"Thus I ran Divisions in my Fancy, which made but harsh Musick to my Interiour"

— Barker, Jane (1675-1743)

Place of Publication
Printed for E. Curll
1713, 1719
"Thus I ran Divisions in my Fancy, which made but harsh Musick to my Interiour"
Metaphor in Context
The tedious three Weeks being elaps'd,Bosvil came, but not my Lover: He came with greater Coldness and Indifferency than ever! No Ray of Love darted from his Eyes, no Sigh from his Heart, no Smile towards me, nothing but a dusky cold Indifferency, as if Love had never shin'd in his Hemisphere. The Truth is, I took it for Disguise, but could not imagine what should make him put it on; I thought theMumming went too far, when the Masqueraders murder'd those they pretended to divert: But to convince me that this was no feign'd Indifference, he stay'd several Days at our House, acting this Scene of Inconstancy to Perfection. Much I study'd, but could think of nothing that could have disoblig'd him; I examin'd my Words, to find if I had said anything that might have been affronting at his Arrival. I [Page 35] consulted my Glass, to see if my Person was chang'd in those fatal three Weeks; I reflected on all Things, from the Beginning to the End, but could find nothing whereof to accuse myself: Sometimes in my Thoughts I confronted his past Kindness with his present Coldness; his passionate Speeches, Looks, and Gestures, with his Neglect, Coldness, and Indifferency; one rais'd my Hopes above Ela, the other cast my Despair below Gamut. Thus I ran Divisions in my Fancy, which made but harsh Musick to my Interiour. Methought I resembled the Sisters in Hell, whom the Poets feign to catch Water in a Sieve.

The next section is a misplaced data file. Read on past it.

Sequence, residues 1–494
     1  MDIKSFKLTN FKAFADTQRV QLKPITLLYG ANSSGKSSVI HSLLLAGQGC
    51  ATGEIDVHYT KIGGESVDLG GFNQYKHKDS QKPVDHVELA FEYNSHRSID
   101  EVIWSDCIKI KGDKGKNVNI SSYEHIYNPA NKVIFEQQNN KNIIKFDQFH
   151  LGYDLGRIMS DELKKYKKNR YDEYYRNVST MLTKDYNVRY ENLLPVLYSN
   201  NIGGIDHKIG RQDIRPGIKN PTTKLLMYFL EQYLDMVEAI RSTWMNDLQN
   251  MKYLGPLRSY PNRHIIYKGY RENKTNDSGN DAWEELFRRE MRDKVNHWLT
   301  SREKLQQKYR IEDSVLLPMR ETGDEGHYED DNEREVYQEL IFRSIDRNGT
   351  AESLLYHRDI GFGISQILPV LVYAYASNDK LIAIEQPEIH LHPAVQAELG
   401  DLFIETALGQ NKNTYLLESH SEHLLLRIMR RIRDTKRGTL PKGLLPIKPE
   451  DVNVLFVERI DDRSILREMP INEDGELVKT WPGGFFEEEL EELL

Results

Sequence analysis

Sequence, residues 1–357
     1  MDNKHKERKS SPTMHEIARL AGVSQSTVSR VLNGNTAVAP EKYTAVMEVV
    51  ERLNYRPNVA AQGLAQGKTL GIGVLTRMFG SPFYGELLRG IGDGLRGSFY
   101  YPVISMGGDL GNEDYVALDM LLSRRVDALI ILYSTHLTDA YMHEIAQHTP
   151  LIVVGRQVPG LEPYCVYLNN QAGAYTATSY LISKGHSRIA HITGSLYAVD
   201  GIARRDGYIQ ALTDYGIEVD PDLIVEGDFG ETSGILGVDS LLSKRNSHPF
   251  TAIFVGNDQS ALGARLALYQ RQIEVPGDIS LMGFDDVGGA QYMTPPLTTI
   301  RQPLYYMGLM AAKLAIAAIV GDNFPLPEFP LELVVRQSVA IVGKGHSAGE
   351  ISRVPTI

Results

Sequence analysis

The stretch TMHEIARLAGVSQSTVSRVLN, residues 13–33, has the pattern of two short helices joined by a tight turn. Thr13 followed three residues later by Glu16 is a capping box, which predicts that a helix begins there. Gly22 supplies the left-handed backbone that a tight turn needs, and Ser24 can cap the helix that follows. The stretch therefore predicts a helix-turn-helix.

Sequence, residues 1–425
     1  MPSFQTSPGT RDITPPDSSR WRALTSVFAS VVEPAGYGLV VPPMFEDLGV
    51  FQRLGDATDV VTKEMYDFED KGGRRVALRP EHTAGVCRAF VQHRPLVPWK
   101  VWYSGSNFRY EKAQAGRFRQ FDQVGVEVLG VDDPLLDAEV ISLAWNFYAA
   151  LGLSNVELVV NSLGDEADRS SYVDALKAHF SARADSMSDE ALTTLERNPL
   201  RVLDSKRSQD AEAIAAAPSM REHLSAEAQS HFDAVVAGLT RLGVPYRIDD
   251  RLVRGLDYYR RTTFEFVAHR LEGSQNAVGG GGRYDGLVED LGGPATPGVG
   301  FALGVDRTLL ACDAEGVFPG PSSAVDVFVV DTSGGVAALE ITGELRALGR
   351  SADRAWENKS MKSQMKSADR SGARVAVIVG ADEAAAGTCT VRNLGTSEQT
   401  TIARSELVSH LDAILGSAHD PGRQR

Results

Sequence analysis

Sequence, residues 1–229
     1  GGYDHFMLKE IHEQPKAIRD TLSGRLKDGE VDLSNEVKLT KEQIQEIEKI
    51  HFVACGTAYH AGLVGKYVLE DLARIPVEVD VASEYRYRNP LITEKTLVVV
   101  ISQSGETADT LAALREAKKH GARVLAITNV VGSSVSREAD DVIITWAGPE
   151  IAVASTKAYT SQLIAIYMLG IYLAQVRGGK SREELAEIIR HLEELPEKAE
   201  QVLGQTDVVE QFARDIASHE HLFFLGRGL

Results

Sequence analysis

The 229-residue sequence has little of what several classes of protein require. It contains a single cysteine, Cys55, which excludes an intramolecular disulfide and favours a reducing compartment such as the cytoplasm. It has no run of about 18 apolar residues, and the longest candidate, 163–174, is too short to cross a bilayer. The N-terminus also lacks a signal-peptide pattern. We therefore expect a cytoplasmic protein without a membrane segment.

Searching "fancy" and "interio" in HDIS (Prose)
At least 4 entries in the ESTC (1713, 1719, 1736, 1743) [Final three dates for The Entertaining Novels].

Text from The Entertaining Novels of Mrs. Jane Barker, 2nd edition, 2 vols. (London: Printed for A. Bettesworth, in Pater-Noster-Row, and E. Curll, in Fleet-Street, 1719). [Titled "The Amours of Bosvil and Galesia."] <Link to ESTC><Link to ECCO>

See also Love Intrigues: or, the History of the Amours of Bosvil and Galesia As Related to Lucasia, in St. Germains Garden. A Novel. Written by a Young Lady. (London: Printed for E. Curll, at the Dial and Bible against St. Dunstan’s Church in Fleetstreet; and C. Crownfield, at Cambridge, 1713). <Link to ESTC>
Date of Entry

The Mind is a Metaphor is authored by Brad Pasanek, Assistant Professor of English, University of Virginia.